The report cites the work of Pike & Gopel, who performed battlefield visibility studies to determine the practical distance that infantry could actually identify enemy soldiers. After reviewing 18,000 measurements, the ORO determined that 70% of the time, the maximum distance to identify a five-foot-tall target was 300 yards.

Think about where you live and the surrounding area. How often do you have clean sight lines up to 300 yards? Then, within that, is there anything that an adversary could use to hide behind?

It’s because of these parameters, both marksmanship and visibility, that the ORO pushed the idea of a small caliber high velocity rifle. Norman Hitchman argued that the soldier could use a lighter, easier recoiling rifle, and carry more ammunition without losing operational effectiveness.

This led to development and adoption of the 5.56 cartridge and the AR-15.

Practical Use

The operational zone refers to the outer edge of what the Martial Marksman should be prepared to deal with. This is really a 0-300 yard zone, but we’ve already designated 0-200 as higher priority. The final stretch from 200-300 represents polishing of skills. Success here requires knowledge of holdovers, sight adjustment, working with wind, and more.

Building these additional skills is why we use competition environments, especially at even longer distances.

The 300-600 Yard Skill-Building Zone

This is the realm of competition and having fun. By stretching your ballistic legs out to longer distances, you learn a lot about your weapon system, the environment, and the interplay between the two.

I chose 600 yards as the outside edge here because it’s still doable with a .223, especially out of a longer barrel. The Marines still shoot out to 500 yards during training. I’ve hit gongs out to 700 yards with a 20″ BCM government profile upper and 4x ELCAN (granted, they had to be walked on).

Success in the skill-building zone does not necessarily require any additional specialized equipment like a new rifle, fancy cartridges, or crazy optics. Those things will make success easier but they aren’t required. Keep in mind that a 10″ target at 600 yards is 1.66 MOA, which is perfectly doable with a quality-made AR-15 and good ammo. you might struggle a bit more if using cheap bulk ammo and a budget rifle.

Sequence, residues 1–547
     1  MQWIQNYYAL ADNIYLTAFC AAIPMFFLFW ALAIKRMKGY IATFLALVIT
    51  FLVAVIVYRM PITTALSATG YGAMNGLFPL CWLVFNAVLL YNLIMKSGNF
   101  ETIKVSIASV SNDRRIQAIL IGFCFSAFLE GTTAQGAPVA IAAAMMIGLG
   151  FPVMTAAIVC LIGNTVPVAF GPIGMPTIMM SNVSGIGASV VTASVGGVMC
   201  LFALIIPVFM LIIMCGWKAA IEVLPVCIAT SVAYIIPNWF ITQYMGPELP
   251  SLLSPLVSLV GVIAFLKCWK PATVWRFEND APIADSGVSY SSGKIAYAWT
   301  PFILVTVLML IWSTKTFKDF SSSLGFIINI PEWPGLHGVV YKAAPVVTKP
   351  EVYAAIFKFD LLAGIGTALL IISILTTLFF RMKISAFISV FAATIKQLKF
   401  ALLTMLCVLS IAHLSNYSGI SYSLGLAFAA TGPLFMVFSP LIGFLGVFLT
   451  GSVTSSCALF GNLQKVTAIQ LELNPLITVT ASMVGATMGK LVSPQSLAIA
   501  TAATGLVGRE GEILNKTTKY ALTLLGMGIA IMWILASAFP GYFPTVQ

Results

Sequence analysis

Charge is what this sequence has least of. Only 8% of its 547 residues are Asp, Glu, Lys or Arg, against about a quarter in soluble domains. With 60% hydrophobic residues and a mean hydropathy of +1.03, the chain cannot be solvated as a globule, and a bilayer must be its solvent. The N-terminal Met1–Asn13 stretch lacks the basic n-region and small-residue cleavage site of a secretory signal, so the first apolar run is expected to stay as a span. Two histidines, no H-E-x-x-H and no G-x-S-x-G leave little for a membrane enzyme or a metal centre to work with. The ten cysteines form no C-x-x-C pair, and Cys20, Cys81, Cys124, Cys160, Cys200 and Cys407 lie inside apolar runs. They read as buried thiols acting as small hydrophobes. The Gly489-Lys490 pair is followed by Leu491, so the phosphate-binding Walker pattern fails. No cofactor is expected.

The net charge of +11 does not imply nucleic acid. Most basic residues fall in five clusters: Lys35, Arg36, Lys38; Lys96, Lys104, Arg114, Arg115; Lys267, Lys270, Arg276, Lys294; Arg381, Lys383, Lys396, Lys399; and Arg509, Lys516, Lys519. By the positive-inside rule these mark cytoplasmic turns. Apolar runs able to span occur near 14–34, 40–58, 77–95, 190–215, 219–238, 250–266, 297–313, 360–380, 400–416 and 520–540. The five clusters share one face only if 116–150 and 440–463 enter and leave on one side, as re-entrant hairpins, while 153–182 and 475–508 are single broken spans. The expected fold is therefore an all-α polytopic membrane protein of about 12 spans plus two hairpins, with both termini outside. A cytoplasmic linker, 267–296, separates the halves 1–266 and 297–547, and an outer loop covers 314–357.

For the most part, the reason a Martial Marksman trains at these distances is because it helps them be more capable and confident in that 200-300 operational zone.

The 600+ Specialization Zone

As far as I’m concerned, this is an entirely optional bracket for practical purposes. Success here involves investing in new equipment designed for the task. Outside of competition environments, and maybe some hunting, the chances of a a Martial Marksman taking a shot at these distances is basically zero.

You only get involved here because you have a passion for the ballistic arts, not because it’s helping you be more successful at Martial Marksman tasks.

Other Training Notes

I’ve said nothing about actually standards and drills to use. Those will come later.

Spend most of your time shooting from the least stable position you reasonably can. Most of your training should be from the standing position. It’s the most difficult, but it has the most return on investment for the rest of your shooting.

Don’t shortchange your handgun training, either. It would be easy to divide the 0-50 bracket up into “handgun” range (say 0-25) and “everything else” range of 25-50. However, I think you should aim for proficiency with handguns all the way up to 50 yards. Again, the return on investment is very high here.

Dividing Time

One of the questions you might have is how to implement this into an overall training program? It would be easy for me to say you should spend “X%” of your time in the critical zone, and “Y%” in the proficiency zone. However, there’s not a straightforward answer here. 

Everyone has different training circumstances. For example, my personal situation is that the ranges closest to me for convenient practice only go out to 50 yards. No, that wasn’t an influence in my thinking about the zones, either. I can get out as far as 1000 yards from time to time if I’m willing to travel an hour to an hour and a half each way, but it wouldn’t be a regular activity. 

For others, it might be restrictions on the kind of ammunition they can shoot, if they’re allowed to work from a draw, or if they’re allowed to use any position other than standing or sitting at a bench.

So here’s my answer to where to spend most of your time: address your weak links. Most of us are not as good in the critical zone as we think we are. We should naturally spend more time there until we’re up to snuff. How do we know if we’re there? I’ll post some drills and tests in the future to help, but it’s really a judgement call for yourself. Likewise, if you’ve identified a weakness in the proficiency or operational zones, then spend more time there (circumstances allowing).